Biden, Trump jockey over climate as wildfires overtake campaigns

Biden calls Trump a ‘climate arsonist’ as president awards medals to hero servicemen who rescued residents from death.

California firefighter
A firefighter fixes a United States flag hanging on a fire truck in the Lake Hughes fire in Angeles National Forest on August 12, 2020, north of Santa Clarita, California [File: Ringo H.W. Chiu/AP Photo]

The wildfires sweeping the West Coast of the United States took centre stage in the US election campaign on Monday, with President Donald Trump visiting California and blaming the blazes on poor forest management while his Democratic challenger Joe Biden stressed the role of climate change.

The Republican president, seeking re-election on November 3, awarded the Distinguished Flying Cross military honour to seven California national guardsmen who braved wildfire flames to rescue hundreds of residents from burning neighbourhoods.

Democrats have blasted Trump for remaining mostly silent about the largest wildfires in state history.

Biden called Trump a “climate arsonist” and warned against re-electing a president who refuses to address climate change.

“If we have four more years of Trump’s climate denial, how many suburbs will be burned by wildfires? How many suburban neighbourhoods will have been flooded out?” Biden asked.

Joe Biden speaks on climate fires
Democratic US presidential nominee Joe Biden speaks about climate change during a campaign event held at the Delaware Museum of Natural History near his home in Wilmington, Delaware [Leah Millis/Reuters]

Biden, who has been slammed by Republicans for not visiting disaster areas, spoke from his home state of Delaware on the threat of extreme weather that climate scientists have said is supercharging fires.

The president and his administration have sought to pin the blame for the large wildfires on state officials, saying that fuel-choked forests need to be thinned, firebreaks must be cut, and flammable dead leaves cleared from forest floors.

“I think this is more of a management situation,” Trump said, when asked by a reporter if climate change was a factor behind the fires, claiming that many other countries are not facing a similar problem.

“They don’t have problems like this. They have very explosive trees, but they don’t have problems like this.”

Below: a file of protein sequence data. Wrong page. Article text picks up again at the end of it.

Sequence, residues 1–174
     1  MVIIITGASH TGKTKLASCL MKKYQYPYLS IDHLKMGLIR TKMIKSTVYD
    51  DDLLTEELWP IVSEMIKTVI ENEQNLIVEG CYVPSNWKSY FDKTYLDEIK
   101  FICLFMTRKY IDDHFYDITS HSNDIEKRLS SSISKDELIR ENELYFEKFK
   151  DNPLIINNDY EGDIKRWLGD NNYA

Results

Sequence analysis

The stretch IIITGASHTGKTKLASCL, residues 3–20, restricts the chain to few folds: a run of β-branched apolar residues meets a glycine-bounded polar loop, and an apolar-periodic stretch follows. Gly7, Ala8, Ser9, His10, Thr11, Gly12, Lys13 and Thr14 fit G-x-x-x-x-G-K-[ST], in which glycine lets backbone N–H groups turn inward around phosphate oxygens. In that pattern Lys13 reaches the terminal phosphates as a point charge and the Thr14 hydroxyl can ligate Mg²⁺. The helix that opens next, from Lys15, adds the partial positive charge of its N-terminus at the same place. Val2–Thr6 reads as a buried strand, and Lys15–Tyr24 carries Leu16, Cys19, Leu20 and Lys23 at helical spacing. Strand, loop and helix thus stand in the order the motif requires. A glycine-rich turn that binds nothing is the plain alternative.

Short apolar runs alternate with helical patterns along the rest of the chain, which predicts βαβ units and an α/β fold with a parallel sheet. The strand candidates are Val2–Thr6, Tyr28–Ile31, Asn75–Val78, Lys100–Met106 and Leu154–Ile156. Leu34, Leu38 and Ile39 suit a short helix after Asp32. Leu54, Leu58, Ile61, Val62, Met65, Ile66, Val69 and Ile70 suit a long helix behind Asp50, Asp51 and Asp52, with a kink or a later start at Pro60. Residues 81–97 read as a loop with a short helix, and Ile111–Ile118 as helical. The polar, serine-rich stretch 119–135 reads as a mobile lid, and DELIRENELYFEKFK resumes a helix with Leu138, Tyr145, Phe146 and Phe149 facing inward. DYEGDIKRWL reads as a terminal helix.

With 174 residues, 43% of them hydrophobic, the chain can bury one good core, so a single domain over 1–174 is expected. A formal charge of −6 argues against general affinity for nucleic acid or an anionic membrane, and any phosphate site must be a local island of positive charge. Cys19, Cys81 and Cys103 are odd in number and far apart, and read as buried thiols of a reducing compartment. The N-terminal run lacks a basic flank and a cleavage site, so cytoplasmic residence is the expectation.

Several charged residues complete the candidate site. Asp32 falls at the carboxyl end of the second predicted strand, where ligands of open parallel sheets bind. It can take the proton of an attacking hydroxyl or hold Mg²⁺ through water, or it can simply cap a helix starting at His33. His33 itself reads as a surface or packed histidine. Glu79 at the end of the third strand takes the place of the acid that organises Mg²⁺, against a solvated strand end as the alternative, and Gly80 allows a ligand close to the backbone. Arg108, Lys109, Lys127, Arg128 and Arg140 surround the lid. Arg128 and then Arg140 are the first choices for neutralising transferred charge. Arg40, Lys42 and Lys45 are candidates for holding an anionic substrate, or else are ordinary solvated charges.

Trump speaks reporters California fires
President Donald Trump talks with reporters in front of Air Force One as he arrives for a briefing on the fires in California in McClellan Park, California [Jonathan Ernst/Reuters]

California Governor Gavin Newsom confronted Trump in a meeting with state and local officials, pointing out that the vast majority of forest in California is federally owned. “We can agree to disagree on the politics,” Newsom said.

“But one thing is fundamental, 57 percent of the land in this state is federal and three percent is state forests,” he said.

Trump’s administration has waged a series of legal battles with Democratic-run California, the most populous US state, on a variety of issues including environmental policy.

California has sued the Trump administration more than 100 times. Trump lost badly in California in the 2016 election and is expected to fare poorly there in November.

Newsom also said to Trump that he views climate change as the primary cause behind the fires and added “we assert the science that climate change is real”. Another official echoed Newsom to which Trump responded, “It will start getting cooler”.

“Just watch. I don’t think science knows, actually,” Trump said.

Newsom confronts Trump on California fires
California Governor Gavin Newsom confronts President Trump about the federal responsibility for forest management in California during a briefing at Sacramento McClellan Airport [Andrew Harnik/AP Photo]

Trump has pulled the US out of the 2015 Paris Agreement that laid out an international approach to climate change, while Biden says climate change is on his list of major crises facing the US and has promised to return to the Paris accord.


Wildfires across Oregon, California and Washington state have destroyed thousands of homes and a half dozen small towns since August, scorching more than 1.6 million hectares (4 million acres) and killing at least 35 people.

Oregon’s Department of Emergency Services said 22 people were missing in the series of blazes that swept across the southern portion of the state last week.

Drone footage showed hundreds of homes reduced to ashes in the southern Oregon communities of Phoenix and Talent, around 8km (5 miles) south of Medford last week, after a wind-driven firestorm raced north, blowing embers into trailer parks and residential subdivisions.

The state is also deploying its National Guard to flattened neighborhoods and up to 1,000 troops will be there by the weekend, the head of the Oregon National Guard said.

Trump has authorised federal disaster aid for both California and Oregon. He said forest management changes were something that could be tackled quickly.

Source: Al Jazeera, News Agencies